Friday, June 30, 2017

Spoilers, Sweetie: Read 100 Books in 1 Hour

Happy Friday, Everyone!

Back in February 2016, we launched the website Spoilers, Sweetie for librarians who don't have the time to read everything, but are expected to know it all. Today, we are really excited to announce that we have covered 38 Awards and spoiled over 100 books! Since summer seems to be the busiest time for reader's advisory (especially if you work with kids who need book suggestions for summer reading), we thought now would be a good time to highlight our spin-off blog!

So, looking to read 100 books in one hour? Head over to Spoilers, Sweetie!

If you click on "By Category", you can easily see the awards divided by age group, for those of you who want to focus on your reader's advisory audience first.

And, if you find this website useful, please consider signing up to help with spoilers! We have a long list of award winning books and any that you are willing to read/have read and can spoil would be useful.

Friday, June 23, 2017

7 Ways to Rediscover Your Love for Reading

The worst has happened. You are a librarian, but you have found that you just cannot pick up another book. Maybe you are in a reading slump. Maybe you devoured too many books and your appetite has hit a wall... for a few months now. Maybe the pressures of reading during your downtime (which was never much to begin with) has finally broken you.

Whatever it is, there is hope. Seven tricks that you can try to get that old loving feeling back:

1. Speed Date 10 Books

Get ten books off the library shelf and read the first few pages/chapter. Keep going through the stack until you find one that interests you. If you need to grab a second or third stack, have no shame in doing so!

2. Try a New Format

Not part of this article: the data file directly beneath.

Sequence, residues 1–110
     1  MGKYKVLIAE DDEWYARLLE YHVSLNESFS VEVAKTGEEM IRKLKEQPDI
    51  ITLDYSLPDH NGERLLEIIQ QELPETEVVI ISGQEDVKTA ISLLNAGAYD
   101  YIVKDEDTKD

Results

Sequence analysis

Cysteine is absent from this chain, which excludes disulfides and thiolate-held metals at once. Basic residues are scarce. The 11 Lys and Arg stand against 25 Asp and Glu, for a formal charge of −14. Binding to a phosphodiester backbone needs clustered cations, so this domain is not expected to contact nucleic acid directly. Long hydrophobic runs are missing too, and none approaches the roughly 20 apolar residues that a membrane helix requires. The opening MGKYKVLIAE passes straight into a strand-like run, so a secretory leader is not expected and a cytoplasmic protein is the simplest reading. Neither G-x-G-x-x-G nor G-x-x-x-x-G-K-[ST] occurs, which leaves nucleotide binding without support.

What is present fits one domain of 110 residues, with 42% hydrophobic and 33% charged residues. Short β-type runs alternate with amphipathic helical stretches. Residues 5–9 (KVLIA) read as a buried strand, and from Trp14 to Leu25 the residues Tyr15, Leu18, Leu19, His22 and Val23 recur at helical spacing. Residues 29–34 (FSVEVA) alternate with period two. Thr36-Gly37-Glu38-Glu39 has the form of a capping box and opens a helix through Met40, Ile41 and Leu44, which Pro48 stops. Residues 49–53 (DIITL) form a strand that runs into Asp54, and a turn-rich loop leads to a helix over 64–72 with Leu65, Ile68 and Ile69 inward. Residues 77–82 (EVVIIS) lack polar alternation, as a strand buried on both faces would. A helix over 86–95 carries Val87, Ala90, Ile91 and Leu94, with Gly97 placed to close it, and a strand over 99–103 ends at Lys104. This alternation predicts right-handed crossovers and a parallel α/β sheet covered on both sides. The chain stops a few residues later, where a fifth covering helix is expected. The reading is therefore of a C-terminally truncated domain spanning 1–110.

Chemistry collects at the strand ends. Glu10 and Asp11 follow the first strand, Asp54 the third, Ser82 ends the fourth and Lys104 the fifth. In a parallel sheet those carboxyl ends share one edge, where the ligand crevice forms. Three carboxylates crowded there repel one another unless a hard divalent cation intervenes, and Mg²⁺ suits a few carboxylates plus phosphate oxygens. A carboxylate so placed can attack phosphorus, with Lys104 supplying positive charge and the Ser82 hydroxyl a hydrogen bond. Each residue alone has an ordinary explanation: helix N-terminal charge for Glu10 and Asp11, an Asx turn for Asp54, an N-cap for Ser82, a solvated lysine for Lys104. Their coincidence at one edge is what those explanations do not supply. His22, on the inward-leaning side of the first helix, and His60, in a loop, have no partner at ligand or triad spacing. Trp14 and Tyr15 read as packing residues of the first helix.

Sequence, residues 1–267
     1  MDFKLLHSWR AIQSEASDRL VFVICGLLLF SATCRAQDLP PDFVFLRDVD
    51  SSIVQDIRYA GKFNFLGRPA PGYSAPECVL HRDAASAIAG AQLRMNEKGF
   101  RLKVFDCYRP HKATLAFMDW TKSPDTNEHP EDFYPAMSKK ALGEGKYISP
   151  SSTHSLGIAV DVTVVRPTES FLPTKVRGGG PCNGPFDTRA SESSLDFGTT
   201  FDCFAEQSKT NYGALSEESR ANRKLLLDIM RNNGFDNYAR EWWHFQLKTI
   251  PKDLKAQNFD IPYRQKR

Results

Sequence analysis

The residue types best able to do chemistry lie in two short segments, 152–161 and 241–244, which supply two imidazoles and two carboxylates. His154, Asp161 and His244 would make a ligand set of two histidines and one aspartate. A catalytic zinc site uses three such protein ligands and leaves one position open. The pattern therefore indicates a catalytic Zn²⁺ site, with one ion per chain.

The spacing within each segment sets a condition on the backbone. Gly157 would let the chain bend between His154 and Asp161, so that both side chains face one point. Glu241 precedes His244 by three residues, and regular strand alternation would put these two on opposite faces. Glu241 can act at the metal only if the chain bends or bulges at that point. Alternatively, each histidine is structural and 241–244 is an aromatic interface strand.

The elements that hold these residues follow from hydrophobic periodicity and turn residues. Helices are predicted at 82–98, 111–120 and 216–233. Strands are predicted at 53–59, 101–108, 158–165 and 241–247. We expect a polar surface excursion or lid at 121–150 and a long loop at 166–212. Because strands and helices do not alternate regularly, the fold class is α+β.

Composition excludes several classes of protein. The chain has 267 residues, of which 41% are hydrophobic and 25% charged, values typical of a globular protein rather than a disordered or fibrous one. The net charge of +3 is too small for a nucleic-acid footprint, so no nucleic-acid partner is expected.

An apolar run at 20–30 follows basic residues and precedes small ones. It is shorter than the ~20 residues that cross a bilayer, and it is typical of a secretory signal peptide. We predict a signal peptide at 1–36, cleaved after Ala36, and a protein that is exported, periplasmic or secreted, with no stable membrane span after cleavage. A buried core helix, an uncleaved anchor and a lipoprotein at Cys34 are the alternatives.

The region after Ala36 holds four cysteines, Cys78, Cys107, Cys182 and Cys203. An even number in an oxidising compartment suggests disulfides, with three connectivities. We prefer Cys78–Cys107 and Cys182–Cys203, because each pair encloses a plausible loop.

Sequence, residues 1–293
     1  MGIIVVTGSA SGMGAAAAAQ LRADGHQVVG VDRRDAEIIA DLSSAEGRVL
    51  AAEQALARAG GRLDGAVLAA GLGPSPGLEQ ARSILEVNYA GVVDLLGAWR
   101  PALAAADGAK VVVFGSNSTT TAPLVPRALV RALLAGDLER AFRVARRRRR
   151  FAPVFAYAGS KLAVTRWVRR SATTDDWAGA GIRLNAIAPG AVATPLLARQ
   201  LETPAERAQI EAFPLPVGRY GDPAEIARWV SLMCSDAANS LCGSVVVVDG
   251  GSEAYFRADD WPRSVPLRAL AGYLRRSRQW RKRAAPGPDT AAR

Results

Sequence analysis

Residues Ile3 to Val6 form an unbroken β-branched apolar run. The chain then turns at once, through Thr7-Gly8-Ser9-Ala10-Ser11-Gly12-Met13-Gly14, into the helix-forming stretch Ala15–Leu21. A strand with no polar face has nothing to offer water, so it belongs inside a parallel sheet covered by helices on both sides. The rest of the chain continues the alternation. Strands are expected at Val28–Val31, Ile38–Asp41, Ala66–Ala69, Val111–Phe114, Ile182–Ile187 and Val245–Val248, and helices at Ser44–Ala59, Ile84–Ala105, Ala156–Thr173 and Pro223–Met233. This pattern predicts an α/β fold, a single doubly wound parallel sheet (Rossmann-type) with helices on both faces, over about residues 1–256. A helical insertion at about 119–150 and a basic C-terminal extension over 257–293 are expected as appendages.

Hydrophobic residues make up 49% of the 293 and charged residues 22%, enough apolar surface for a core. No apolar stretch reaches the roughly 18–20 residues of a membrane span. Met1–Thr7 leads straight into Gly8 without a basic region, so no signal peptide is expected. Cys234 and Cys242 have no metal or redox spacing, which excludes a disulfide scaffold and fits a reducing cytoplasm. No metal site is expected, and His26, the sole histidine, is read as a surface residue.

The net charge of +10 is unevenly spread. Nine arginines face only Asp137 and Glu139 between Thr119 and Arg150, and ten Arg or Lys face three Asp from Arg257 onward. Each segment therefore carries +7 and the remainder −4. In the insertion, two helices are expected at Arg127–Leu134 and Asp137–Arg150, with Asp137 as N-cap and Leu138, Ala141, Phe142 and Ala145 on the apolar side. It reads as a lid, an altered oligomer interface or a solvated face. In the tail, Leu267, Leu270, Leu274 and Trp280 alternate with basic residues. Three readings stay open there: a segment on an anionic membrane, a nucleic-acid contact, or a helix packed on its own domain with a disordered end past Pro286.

If you read print books, try an audio book or a graphic novel. Audio books give a different feeling with someone narrating the story (especially if it comes with a whole cast of voice actors). Graphic novels can grab you instantly just by the artwork even before you get into the story line. Even better, you can finish a graphic novel in a few hours, so you can finish it quickly.

3. Get Spoilers for Books You Don't Want to Read

We all have genres that we do not enjoy, but you need to know about them for readers' advisory. Utilizing Goodreads or Spoilers, Sweetie to get spoilers on those boring books will free you up to read your favorite genres - and stop making reading feel like homework.

4. Talk to Friends for Recommendations

Talk to your friends and colleagues to see if they have any books to recommend. If you aren't sure what genres you even want to read, just ask for any books that they weren't able to put down. Chances are, not everyone will have the same tastes as you, but you might be lucky and find a few readers you can count on for good recommendations for years to come.

5. Follow Podcasts that Talk about New Books

There are a lot of podcasts (like All the Books) out there which essentially give a lot of book talks about new books coming out. If you listen long enough, you'll eventually hear about a book that'll spark your curiosity. As for all of the other books, well, you're now ahead on RA.

6. Look for Books Similar to your Favorite TV Shows and Movies